As of this writing, Synopsys is up nearly 2% in after-hours trading; whether or not that's justified lies in the eyes of the beholder. In one sense, Synopsys did no better than expected yesterday. It reported pro forma (Latin for "Let's not quibble over the details, OK?") profits of $0.10 per share for its fiscal Q4 2005. Although that's a 10-fold increase over its performance one year ago, it merely matched analyst estimates for earnings. Nothing to get excited about there.
Viewed from a more "generally accepted" point of view, however, Synopsys did considerably worse than expected. The company itself predicted back in August that its net loss would be no worse than $0.02 per share under generally accepted accounting principles. As it turned out, Synopsys admitted yesterday to an $0.08-per-share loss -- considerably better than the $0.19 per share lost last year, but worse than its own projections of three months ago.
Now take a step to your left, and peer over your right shoulder for a third perspective -- that of free cash flow (FCF). This is the one I suggested focusing on when previewing Synopsys' results two days ago, and from this perspective, Synopsys blew the top off the curve. At last report, the company was hoping to generate something on the order of $163 million worth of FCF for its entire fiscal year (the full-year results were posted alongside the fourth quarter's numbers yesterday). That was the expectation, but the actual result was much better: $269.2 million in cash from operations, minus $43.6 million in capital expenditures and $3 million in capitalized software development costs, got the company to a whopping $222.6 million in FCF (excluding acquisitions).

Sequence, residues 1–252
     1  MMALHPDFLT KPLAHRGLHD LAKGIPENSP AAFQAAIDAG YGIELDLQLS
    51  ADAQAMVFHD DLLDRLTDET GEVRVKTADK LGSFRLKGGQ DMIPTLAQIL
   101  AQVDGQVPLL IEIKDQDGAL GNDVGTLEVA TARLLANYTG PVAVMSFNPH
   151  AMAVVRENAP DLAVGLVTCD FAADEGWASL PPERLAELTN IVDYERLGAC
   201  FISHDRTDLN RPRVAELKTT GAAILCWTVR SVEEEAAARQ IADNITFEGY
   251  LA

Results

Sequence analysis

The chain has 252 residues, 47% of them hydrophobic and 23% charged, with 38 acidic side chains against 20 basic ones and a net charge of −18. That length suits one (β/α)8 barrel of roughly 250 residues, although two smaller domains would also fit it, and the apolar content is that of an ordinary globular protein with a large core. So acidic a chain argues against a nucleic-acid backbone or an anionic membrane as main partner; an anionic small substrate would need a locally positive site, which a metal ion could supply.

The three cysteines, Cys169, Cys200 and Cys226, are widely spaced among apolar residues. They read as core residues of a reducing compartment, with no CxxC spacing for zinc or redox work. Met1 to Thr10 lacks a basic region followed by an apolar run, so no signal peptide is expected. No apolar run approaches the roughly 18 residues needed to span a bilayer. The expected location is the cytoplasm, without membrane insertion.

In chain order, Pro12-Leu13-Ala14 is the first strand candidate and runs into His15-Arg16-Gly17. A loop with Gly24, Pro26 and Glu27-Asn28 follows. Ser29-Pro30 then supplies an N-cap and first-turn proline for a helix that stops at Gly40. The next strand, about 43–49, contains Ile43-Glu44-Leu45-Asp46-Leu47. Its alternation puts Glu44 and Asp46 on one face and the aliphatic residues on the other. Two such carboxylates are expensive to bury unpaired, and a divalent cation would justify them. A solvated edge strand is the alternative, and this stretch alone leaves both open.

Although that's not much of an improvement over fiscal 2004's $216.3 million in FCF, it doesn't really have to be at these prices. With a market cap of just $2.8 billion, yesterday's performance gives the company a trailing price-to-FCF ratio of just 12.7. Since analysts expect Synopsys to grow its earnings at an annual rate of 15% over the long term, that ratio makes the company's stock a serious candidate for buying.
As good as Synopsys looks, though, you owe it to yourself to also check out its competitors. Mentor Graphics
Fool contributor Rich Smith does not own shares of any company named above.